Supreme Court DOMA Reaction: The Family Research Council's Social Media Skills Are About As Bad As You'd Expect


On Wednesday, the Supreme Court declared the Defense of the Marriage Act unconstitutional, recognizing homosexual and heterosexual couples as equal under the law and sparking celebration parties and marriages throughout the country. Predictably, the ruling has also unleashed a reactionary wave of campaigns and attacks by right-wing conservative organizations.

One of these organizations is the Family Research Council (FRC), a think-tank whose mission is to "advance faith, family and freedom in public policy and the culture from a Christian worldview." According to, since its founding in 1983, FRC has been "working against reproductive freedom, sex education, equal rights for gays and lesbians and their families," among many others. In the past, it has boycotted Disney for being gay-friendly, and in September 2001 attacked George W. Bush for his "implicit endorsement of the homosexual political agenda" when he appointed two openly gay men to his administration. More notably/offensively, it strongly promotes the "ex-gay" movement — which includes "reparative therapy" that seeks to turn gays and lesbians into heterosexuals — in its effort to prevent members of the LGBT community from gaining civil rights, even though professional organizations such as the American Psychological Association have published reports finding the results of such therapy fruitless.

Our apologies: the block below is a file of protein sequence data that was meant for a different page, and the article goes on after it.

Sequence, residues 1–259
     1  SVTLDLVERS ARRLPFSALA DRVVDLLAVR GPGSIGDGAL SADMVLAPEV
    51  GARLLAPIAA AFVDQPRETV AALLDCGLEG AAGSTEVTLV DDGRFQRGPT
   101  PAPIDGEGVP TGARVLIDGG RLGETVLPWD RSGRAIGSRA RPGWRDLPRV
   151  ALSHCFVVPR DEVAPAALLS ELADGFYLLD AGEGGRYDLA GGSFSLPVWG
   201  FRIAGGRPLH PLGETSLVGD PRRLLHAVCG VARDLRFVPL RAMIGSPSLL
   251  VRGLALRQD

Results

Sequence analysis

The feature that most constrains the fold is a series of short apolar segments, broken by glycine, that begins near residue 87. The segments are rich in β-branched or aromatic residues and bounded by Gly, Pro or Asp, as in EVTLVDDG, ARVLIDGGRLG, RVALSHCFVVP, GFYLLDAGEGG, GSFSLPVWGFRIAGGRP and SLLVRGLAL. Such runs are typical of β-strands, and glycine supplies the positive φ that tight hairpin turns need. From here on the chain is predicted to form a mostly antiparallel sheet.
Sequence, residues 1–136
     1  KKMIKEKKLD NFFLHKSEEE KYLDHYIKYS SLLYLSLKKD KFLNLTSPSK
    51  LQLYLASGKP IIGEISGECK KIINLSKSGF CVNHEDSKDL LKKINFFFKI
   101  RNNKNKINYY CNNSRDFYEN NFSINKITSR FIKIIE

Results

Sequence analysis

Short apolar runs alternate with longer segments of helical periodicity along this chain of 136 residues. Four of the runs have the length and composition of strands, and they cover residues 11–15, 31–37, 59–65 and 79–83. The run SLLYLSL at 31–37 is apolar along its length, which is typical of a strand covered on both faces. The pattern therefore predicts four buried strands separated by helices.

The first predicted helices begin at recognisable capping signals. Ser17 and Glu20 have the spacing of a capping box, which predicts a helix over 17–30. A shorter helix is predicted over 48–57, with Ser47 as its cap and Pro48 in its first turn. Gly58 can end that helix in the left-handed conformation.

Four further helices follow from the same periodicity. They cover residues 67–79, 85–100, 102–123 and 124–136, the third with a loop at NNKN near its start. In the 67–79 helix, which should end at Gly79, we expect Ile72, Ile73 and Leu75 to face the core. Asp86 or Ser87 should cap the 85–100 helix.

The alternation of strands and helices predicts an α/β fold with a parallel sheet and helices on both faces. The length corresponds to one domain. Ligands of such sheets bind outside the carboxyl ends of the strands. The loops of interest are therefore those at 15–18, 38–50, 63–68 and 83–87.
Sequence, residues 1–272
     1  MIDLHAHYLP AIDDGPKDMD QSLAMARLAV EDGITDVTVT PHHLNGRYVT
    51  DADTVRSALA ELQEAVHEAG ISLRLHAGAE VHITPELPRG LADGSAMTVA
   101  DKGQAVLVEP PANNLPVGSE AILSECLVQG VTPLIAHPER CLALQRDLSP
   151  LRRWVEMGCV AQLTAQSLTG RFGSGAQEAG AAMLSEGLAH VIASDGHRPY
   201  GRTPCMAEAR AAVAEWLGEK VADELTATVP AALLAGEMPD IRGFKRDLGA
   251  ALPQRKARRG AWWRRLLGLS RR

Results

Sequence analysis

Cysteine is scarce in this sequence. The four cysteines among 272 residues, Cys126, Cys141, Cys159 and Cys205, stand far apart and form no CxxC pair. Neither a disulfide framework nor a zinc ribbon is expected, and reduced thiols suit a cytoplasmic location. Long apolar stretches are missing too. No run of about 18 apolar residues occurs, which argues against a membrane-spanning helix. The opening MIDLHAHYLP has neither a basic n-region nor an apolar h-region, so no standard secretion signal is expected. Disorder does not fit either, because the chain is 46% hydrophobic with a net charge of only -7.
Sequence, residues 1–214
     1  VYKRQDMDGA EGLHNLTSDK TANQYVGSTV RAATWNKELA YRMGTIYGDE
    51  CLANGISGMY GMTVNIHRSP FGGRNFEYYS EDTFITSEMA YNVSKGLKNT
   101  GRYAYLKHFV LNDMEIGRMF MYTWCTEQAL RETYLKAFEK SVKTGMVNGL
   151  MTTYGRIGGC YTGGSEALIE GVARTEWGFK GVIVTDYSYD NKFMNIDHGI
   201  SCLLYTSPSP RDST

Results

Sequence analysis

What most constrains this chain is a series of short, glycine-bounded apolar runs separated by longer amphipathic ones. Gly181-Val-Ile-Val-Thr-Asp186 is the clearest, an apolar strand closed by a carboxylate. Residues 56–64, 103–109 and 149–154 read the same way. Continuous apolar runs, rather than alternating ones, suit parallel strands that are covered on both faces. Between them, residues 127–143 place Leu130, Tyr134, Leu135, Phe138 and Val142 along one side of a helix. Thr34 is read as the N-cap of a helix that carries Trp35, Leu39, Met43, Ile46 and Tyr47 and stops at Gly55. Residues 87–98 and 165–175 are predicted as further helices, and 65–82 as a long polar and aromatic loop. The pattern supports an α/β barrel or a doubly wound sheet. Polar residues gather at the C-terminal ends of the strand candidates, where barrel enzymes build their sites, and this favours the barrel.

Since the June 26 Supreme Court rulings, FRC has stepped up its anti-gay campaigns. One of them is Call2Fall, a national prayer effort first launched in 2009, calling on churches and individuals to "pray for our nation and repent before God." Here's what they posted on their Facebook page on the day of the event:

Offended? Here's a little comic relief to hopefully cheer you up. Presenting, in all seriousness, their double-entendre-ridden slogan: "On our knees for America."

The logo of this fiercely anti-gay campaign, as AmericaBlog has also pointed out, "appears to be of a man performing oral sex." (The blog also likens FRC's attempt to appeal to American youth — by replacing the "to" with a numerical "2" — to other unintentional, "unfortunate moves in American politics," such as the Tea Party's "teabagging" movement and the National Organization for Marriage's 2M4M campaign in the past few years.)

The Call2Fall logo has gone viral, delighting gays and satirical news sites alike. Online magazine Wonkette has since launched a Photoshop contest for their readers, "to remix the images and text from Call2Fall to their hearts' content."

I respect the freedom of speech and of association, and this article is not an attack on FRC for their campaign, although I am not of the same opinion as they, and do not believe that their message with resonate among many. But somebody needs to tell these guys to check their slogans for double entendres before there are more people who see their campaigns as a joke than those who take them seriously. UrbanDictionary exists for a reason. Use it.